Raspberry Pi Advice - HID and Motion Sensor

  1. last year

    Brock N

    29 Nov 2018 Pre-Release Testers, Xojo Pro

    I'm looking into trying to build my first RaspberryPi hardware solution and just wanted to get some advice before I purchase everything. Feedback on what hardware to get would be especially helpful.

    GENERAL DETAILS:
    Our new office building is under construction and we have 3 slides going into the building (3rd to 2nd, 3rd to 1st, and 2nd to 1st).
    Employees have access throughout the building using HID Cards

    CONCEPT:
    I want people to be able to scan their HID Card at the top of the slide (or for guests simply press a button instead) and then have the slide track their time from top to bottom. After they get out of the slide they should be able to see stats like:
    • Slide A done in 10.5 Seconds!
    • Your Best time of the day!
    • Your 5th best time ever!
    • 3rd Best time of the day out of everyone!
    • 50th Best time ever!
    As well as some overall stack rankings etc...

    HARDWARE:
    RaspberryPi(s)
    HID Reader (3x)
    Push Button (3x)
    Red LED Light (3x)
    Green LED Light (3x)
    MotionSensor (6x)

    SETUP:
    HID Reader at the top of the slides
    Each Slide has a red and green led light above their entrance with a motion sensor at the start and the finish

    IMPLEMENTATION:

    1. The user either scans their HID or they push a button at the top of the slide they wish to ride.
    2. The green light turns on
    3. The user triggers the motion sensor at the top of the slide
    4. The green light turns off and the red light turns
    5. The user triggers the motion sensor at the bottom of the slide
    6. The red light turns off
    7. The display is updated with the latest stats

    QUESTIONS:
    What RaspberryPi's should I get? Is the built in GPIO board enough or do I need to purchase something for that?
    Is it cheaper/easier to do separate red and green lights or is there an LED that I can just set the color I want it to be?
    Is there any complications with reader the HID data into XOJO, I can resolve from a database what user it should be. What is a compatible HID Reader?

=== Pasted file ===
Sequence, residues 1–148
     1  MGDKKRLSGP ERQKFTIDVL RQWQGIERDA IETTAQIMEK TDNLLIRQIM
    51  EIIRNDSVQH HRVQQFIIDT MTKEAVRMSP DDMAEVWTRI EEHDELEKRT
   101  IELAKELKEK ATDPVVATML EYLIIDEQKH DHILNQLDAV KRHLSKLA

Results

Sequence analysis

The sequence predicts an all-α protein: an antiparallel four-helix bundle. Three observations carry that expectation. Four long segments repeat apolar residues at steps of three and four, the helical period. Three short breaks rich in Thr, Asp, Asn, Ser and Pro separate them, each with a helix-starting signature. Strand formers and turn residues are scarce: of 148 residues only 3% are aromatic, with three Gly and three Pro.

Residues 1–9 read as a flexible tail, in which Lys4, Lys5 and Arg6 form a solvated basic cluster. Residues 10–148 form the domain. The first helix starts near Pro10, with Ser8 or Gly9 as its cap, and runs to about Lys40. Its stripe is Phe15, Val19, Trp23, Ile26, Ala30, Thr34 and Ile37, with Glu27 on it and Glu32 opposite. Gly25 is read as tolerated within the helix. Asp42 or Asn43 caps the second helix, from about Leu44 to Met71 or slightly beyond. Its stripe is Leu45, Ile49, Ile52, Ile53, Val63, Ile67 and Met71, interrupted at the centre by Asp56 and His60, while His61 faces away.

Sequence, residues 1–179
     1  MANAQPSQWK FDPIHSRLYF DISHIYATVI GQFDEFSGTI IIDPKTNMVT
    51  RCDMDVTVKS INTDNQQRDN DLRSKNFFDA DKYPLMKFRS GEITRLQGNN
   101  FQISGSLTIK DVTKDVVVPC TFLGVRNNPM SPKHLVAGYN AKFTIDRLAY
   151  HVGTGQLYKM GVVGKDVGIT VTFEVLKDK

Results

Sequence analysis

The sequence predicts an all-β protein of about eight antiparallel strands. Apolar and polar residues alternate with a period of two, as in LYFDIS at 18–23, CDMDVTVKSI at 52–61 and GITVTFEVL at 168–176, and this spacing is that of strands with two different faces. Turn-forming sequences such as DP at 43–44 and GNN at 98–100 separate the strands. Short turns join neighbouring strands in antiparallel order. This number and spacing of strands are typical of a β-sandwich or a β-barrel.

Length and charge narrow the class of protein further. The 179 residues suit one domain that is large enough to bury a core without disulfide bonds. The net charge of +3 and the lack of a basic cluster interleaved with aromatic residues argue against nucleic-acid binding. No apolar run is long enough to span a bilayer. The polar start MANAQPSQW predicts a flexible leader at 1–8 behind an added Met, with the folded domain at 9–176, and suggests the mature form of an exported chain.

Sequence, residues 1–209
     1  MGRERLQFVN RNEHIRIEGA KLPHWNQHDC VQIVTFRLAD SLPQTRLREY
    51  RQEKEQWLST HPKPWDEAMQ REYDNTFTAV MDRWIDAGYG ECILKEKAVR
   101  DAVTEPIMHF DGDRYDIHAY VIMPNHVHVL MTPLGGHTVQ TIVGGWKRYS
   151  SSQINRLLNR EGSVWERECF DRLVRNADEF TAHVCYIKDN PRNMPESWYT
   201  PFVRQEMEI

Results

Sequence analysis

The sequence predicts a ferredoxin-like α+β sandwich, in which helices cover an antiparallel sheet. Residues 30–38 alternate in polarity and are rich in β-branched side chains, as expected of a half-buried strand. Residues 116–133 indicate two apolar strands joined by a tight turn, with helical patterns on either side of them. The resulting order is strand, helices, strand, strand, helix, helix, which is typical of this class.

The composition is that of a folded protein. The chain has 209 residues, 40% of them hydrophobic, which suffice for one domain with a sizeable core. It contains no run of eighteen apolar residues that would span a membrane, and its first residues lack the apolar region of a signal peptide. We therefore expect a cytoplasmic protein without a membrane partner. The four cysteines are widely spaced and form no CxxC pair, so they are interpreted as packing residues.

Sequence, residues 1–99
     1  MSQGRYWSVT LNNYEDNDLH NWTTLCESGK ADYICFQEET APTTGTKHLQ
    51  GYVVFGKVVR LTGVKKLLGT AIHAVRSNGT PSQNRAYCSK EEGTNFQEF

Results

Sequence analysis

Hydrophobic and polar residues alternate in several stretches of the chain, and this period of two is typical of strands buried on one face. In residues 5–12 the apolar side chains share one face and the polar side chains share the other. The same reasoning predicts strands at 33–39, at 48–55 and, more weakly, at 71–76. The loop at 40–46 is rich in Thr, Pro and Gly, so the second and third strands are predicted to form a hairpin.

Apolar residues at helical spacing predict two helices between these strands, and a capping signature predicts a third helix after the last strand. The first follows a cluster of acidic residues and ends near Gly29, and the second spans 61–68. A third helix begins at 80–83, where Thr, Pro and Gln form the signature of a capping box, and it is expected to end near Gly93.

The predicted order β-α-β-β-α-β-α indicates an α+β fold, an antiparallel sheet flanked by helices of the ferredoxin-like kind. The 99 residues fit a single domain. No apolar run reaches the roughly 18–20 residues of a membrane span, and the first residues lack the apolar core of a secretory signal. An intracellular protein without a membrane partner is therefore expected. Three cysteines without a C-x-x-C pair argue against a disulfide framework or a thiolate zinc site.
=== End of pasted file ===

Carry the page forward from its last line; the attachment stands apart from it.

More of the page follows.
What kind of push button hardware to use?
    What kind of motion sensor to use and what should it be based off of? (Heat, motion, laser)
    How many RaspberryPi's do I need? How far can I do the wiring? Can I wire the entire system using one RaspberryPi or should I do one on each floor of the building to reduce wiring distance and have them communicate through the network to a central application?
    Is the HID too complicated and I should do like a pin pad instead?
    Anything else I'm missing or could either simplify or improve?

    Curious to hear what you all think. All input is welcome. Thanks in advance!

  2. James D

    29 Nov 2018 Pre-Release Testers, Xojo Pro Europe (Switzerland)

    The only thing I can offer is a failed experience of card reading with a PI. When someone walks up to a card reader and presents their card they expect an immediate response, sometimes this did not happen because the PI was doing something else at the time. The delay was almost negligible, but long enough for the user to have pulled away the card without it having been read.

    In the end we went with two Arduinos in each station - one to read the cards and the other to accumulate the data and send it back the command tent via SMS. The stations were spread out over a 5K area, so free local SMS was the best option.

    Instead of wiring everything up you might want to look at WIFI or Radio.

  3. Mark C

    29 Nov 2018 Pre-Release Testers, Xojo Pro Spain 03170

    I would like offer a similar experience to James with regard to the Pi.